A couple plucked from Queenstown’s Kawarau River by four strangers are lucky to be alive after their jetboat sank.
The out-of-town pair were turfed out after the boat flipped and sank on Saturday afternoon.
One of the rescuers, Nick Whetter, reckons the outcome could have been very different.
“I don’t think they would have made it if we hadn’t been there.”
Whetter and his colleagues, from Speight Drilling, were working on the new $22 million Kawarau Falls bridge when they noticed a jetboat head up the river, go under the bridge and into Lake Wakatipu.
A few minutes later mate Paul Wallace stopped and pointed upstream.
Whetter: “We saw two bodies floating back down the river. There were tool kits, petrol cans and other bits floating down with them.
“I thought crikey … we had life rings on the platform so we grabbed those and rang 111.”
Joined by Kevin Speight and Jamie Edgar, the foursome tried to throw a buoy to the couple, who are in their late 60s.
“We couldn’t get it out fast enough and they floated past us. The guy was trying to call help - I don’t think the woman had enough energy to do that.”
The couple floated towards trees on the Kelvin Heights side of the river, and Speight clambered out on a fallen tree and managed to haul them out.
“The woman was very cold,” Speight says.
“They did have life jackets on which will have saved them. The lady said she went under a couple of times and swallowed some water.”
Back on dry land, the couple were taken to the McConnell Dowell bridge site and given a cuppa to warm up until St John paramedics arrived.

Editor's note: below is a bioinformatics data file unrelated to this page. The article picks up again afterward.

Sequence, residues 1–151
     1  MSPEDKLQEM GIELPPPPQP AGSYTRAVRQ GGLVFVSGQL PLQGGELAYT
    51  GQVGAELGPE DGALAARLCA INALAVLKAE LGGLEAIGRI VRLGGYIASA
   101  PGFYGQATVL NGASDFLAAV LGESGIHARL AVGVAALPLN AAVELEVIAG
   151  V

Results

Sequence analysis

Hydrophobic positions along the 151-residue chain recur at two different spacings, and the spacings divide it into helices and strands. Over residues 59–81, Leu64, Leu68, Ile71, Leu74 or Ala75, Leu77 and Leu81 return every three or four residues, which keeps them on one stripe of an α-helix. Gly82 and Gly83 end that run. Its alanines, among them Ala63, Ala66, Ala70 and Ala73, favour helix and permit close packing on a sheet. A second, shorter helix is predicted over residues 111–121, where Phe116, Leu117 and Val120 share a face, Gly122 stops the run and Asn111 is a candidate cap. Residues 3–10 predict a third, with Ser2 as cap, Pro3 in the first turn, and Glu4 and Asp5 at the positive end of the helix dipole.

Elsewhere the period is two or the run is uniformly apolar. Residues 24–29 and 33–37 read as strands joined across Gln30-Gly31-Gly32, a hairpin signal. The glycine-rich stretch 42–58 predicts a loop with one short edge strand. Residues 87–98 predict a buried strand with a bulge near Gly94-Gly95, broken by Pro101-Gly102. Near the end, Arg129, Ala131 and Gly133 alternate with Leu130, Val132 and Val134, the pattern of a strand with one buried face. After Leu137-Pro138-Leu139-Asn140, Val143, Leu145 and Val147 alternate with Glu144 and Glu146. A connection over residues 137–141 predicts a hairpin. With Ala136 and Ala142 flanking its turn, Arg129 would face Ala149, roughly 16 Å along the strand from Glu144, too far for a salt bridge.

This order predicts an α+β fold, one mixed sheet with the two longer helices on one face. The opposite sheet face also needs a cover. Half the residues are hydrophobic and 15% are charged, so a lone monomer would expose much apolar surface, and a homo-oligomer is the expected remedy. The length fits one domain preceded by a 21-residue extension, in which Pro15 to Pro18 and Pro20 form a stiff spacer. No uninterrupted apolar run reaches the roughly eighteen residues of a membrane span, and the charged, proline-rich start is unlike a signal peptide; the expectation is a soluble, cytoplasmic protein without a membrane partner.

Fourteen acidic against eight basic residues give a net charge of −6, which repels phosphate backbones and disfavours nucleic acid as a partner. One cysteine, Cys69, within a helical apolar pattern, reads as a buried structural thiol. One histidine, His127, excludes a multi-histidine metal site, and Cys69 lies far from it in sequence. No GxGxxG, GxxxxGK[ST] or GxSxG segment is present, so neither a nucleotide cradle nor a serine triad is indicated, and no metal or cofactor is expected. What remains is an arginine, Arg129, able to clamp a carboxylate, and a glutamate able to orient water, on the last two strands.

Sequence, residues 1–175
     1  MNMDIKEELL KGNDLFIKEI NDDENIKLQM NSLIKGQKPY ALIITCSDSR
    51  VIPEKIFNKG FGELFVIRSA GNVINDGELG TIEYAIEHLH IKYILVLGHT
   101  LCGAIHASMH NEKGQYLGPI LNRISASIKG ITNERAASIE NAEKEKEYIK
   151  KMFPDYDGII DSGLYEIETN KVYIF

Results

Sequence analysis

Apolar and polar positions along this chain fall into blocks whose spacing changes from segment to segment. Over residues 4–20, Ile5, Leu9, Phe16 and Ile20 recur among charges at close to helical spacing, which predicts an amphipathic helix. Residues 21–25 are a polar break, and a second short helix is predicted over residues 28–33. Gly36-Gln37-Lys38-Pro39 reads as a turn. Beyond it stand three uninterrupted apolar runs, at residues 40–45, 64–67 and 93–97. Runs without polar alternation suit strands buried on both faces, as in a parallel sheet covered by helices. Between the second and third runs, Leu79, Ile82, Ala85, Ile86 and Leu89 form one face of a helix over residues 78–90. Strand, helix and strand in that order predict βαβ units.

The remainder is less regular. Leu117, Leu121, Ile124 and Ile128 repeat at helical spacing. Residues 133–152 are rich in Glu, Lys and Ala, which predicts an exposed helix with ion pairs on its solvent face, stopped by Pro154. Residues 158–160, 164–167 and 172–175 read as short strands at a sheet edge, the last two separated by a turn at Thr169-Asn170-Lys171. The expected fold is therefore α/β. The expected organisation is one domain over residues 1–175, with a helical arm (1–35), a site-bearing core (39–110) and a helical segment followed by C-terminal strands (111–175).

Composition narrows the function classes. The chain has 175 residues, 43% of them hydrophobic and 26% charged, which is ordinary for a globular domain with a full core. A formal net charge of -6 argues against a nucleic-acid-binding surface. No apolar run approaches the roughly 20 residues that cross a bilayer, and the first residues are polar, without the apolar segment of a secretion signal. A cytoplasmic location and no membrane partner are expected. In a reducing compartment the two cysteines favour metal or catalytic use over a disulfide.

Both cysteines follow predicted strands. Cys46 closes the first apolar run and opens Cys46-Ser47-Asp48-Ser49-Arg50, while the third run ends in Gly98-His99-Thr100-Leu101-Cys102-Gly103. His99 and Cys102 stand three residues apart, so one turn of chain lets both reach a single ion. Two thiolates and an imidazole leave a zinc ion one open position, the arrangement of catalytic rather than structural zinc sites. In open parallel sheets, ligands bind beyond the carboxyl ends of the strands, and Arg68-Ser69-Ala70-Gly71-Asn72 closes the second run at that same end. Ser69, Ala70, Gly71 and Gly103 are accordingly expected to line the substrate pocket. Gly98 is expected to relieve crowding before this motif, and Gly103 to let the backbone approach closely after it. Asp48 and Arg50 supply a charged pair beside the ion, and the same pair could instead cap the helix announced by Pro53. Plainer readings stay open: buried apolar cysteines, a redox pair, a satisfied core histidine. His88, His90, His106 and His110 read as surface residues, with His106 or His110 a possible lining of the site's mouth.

Whetter says they were close to hypothermia and in obvious shock.
The rescue took just over five minutes.
“It’s just lucky we saw them and that it went well. We were pretty pumped with the outcome. I think it could have been different.
“Even if they had drifted to the side they may not have had the energy to get out.”
The incident has prompted a warning about low lake conditions from Queenstown harbourmaster Marty Black.
He says the couple were “a little bit lucky”.
The boat “turned away”, he says, and was perhaps caught out by the current and went down the shallower third channel to the Kawarau River and rolled.
Black says boaties who aren’t familiar with that part of the lake should check with commercial operators, and possibly follow them down the river - or just stay clear.
“The lake and river are dropping down a bit now with the winter conditions and there’s quite a drop - there’s probably a half to three-quarters of a metre drop if you go down gate number two.”
He adds: “It can be a bit dicey if you don’t know where to go or what to do.”
The boat was recovered on Sunday by Queenstown diver Garry Wright, who says the boat was about five metres under.